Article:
ADHD and Marijuana REVISITED

In November, I published a blog post in which I said that marijuana should not be used to treat ADHD. I have not switched my opinion on that. However, while researching for the second edition of ADHD Talks, I realized that it was not as black and white as I once thought. In fact, it is quite gray (Do you like how this blog post’s featured image is a grayscale version of my previous blog post? That was intentional because of how this issue isn’t black and white; it’s gray. I thought it was clever). As of right now, I do not know if marijuana is a safe effective treatment for ADHD, but it could be. I have my doubts, but my mind is open to what future research might find. Here are some of the things that have me interested in what future medical marijuana research will show.

The Endocannabinoid System

In the 1990s, scientists discovered the endocannabinoid system (ECS), a biochemical communication system with receptors all over the human body. Most of these receptors are found in the brain. The ECS appears to maintain bodily homeostasis and is involved in pain, memory, mood, appetite, stress, sleep, metabolism, immune function, and reproductive function.

Cannabis mimics the endocannibinoids that travel from receptor to receptor in this system. This is a ground breaking discovery that has helped scientists better understand how cannabis affects the body.

This discovery has led some to believe that the reason people offer anecdotal evidence of marijuana helping ADHD is, perhaps, cannabis in mimicking endocannabinoids is able to increase the amount of dopamine in the brain. However, as I mentioned in my previous blog post on this topic, a 2017 study (Bloomfield, Ashok, Volkow, and Howes) found that cannabis increases the amount of dopamine in the short-term but may blunt the dopamine system in the long-term.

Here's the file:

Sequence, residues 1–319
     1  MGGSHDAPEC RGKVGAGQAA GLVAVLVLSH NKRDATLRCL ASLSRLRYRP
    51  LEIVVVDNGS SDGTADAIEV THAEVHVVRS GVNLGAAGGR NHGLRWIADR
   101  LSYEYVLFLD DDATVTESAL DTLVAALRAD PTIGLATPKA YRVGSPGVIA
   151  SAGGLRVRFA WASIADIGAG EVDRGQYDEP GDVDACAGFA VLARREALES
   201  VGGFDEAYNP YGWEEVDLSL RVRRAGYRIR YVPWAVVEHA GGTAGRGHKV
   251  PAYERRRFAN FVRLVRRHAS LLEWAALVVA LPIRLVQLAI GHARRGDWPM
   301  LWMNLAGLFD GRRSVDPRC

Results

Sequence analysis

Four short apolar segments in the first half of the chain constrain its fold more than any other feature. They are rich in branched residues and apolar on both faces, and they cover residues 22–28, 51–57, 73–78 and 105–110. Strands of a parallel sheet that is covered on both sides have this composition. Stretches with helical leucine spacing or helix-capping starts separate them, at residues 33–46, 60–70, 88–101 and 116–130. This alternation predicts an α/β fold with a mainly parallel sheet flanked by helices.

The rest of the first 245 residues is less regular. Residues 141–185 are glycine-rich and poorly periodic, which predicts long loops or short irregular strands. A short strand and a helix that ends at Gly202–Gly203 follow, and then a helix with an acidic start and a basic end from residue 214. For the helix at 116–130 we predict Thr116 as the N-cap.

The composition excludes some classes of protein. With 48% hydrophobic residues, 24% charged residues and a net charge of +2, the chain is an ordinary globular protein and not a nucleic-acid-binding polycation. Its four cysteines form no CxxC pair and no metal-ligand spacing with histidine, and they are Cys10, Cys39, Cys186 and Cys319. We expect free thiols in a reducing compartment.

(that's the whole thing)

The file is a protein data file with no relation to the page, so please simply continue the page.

Marijuana is made up of over 60 cannabinoids. The two that are most prevalent by far are THC and CBD. THC is the one that gets you high. CBD does not get you high. There may be some benefit to THC, but its psychoactive properties are concerning. CBD may indeed have benefits without the negative consequences, but more research is needed.

The Government and Research

Most of the studies on marijuana have flawed research designs or are too small to say anything definitive. Both sides of this debate have research behind their opinions. However, neither side has convincing or clear evidence to support its opinion.

Unfortunately, new and more solid research might be difficult to accomplish. The federal government has categorized marijuana in the same group as heroin. This makes it hard to get enough quantities of it. Additionally, even in states where medical marijuana is legal, major hospital systems and research facilities might be weary of studying it because of the possibility of the federal government pulling funding for other projects. If we are ever going to know whether or not medical marijuana is effective for ADHD or other treatments, we need the government to be more encouraging of such studies.


I am still opposed to recreational use of marijuana and self-medicating.

Today’s Reset ADHD Challenge:

Do your own research on marijuana, and don’t be fooled by bad arguments.